How to tell if fudge has gone bad
If you’ve had your fudge for a while, you can tell it’s past its prime if it either:
- Feels hard, dried out, or crumbles easily.
- If the fudge appears to be “melting” (without heat) or has a slimy texture. If freshly made fudge is doing this, try storing it in the refrigerator.
Notes & tips for this buttered rum fudge
- Because fudge should be mixed quickly to ensure that all the ingredients incorporate, I recommend measuring all ingredients out before you begin.
- For “cleaner” cuts of fudge, trim off the uneven edges before cutting the squares of fudge. You’ll lose fudge this way (it can still be eaten!) but you’ll gain a prettier presentation.
Other great recipes for fudge
More candy recipes
How to make buttered rum fudge
This next part is only a photo tutorial of the recipe steps. If you’re looking for the full recipe measurements and instructions, scroll down to Recipe Details.
Step 1 – Heat the white chocolate, sweetened condensed milk, and butter in a microwave-safe bowl until the chocolate is smooth.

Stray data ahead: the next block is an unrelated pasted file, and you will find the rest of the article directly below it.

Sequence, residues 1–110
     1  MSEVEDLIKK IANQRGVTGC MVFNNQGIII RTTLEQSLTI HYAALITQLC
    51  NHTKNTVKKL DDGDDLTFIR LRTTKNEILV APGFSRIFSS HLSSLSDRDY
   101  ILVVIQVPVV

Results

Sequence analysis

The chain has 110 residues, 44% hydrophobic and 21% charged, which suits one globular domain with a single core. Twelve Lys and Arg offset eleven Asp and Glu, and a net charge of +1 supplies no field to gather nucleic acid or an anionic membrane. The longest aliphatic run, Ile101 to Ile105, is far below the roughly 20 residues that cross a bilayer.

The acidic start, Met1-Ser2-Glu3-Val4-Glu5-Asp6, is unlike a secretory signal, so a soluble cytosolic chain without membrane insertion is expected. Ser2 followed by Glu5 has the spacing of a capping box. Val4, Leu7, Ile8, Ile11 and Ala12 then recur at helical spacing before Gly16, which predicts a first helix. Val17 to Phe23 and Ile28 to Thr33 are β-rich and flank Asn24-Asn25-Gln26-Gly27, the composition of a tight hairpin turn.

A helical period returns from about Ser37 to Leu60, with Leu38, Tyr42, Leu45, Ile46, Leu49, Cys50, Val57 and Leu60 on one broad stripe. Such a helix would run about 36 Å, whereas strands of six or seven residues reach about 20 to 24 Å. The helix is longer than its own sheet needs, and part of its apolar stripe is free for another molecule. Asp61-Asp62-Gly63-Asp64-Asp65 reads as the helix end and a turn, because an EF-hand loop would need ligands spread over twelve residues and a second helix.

Step 2 – Add the rum, vanilla, and salt, then stir until it’s completely incorporated.
Step 3 – Pour the fudge mixture into an 8×8 baking dish lined with parchment paper or aluminum foil, then use a spatula to smooth out the top. If desired, sprinkle the top of the wet fudge with ground cinnamon.
Step 4 – Refrigerate and let set!
Step 5 – Remove fudge from the baking dish, peel away the foil, then cut into 1-inch squares (or whatever size you prefer).
Step 6 – Serve and enjoy!
Buttered Rum Fudge
- In a microwave-safe bowl, add white chocolate, sweetened condensed milk, and butter. Heat in microwave for 30 seconds on 50% power, then stir. Continue to heat for 30 second intervals, mixing in between, until chocolate has completely melted.3 1/2 cups chopped white chocolate, 14 ounces sweetened condensed milk, 2 tablespoons salted butter
- Quickly add rum, vanilla, and salt to fudge mixture. Stir with a spatula (making sure to scrape along bottom and sides) until fudge is smooth and has a nice sheen.2 tablespoons spiced rum, 1/2 teaspoon vanilla extract, 1/2 teaspoon salt
- Pour fudge in prepared baking dish and smooth out top in an even layer. If desired, dust top of fudge with ground cinnamon.1/2 teaspoon ground cinnamon
- Refrigerate fudge for at least 1 hour or until set.
- Lift fudge out of baking dish by gripping excess paper/foil along sides, then transfer fudge to a work area. Peel back paper/foil from edges of fudge, then cut fudge into 1 inch squares or cut with festive cookie cutters.
- Serve immediately.
I do my best to provide nutrition information, but please keep in mind that I’m not a certified nutritionist. Any nutritional information discussed or disclosed in this post should only be seen as my best amateur estimates of the correct values.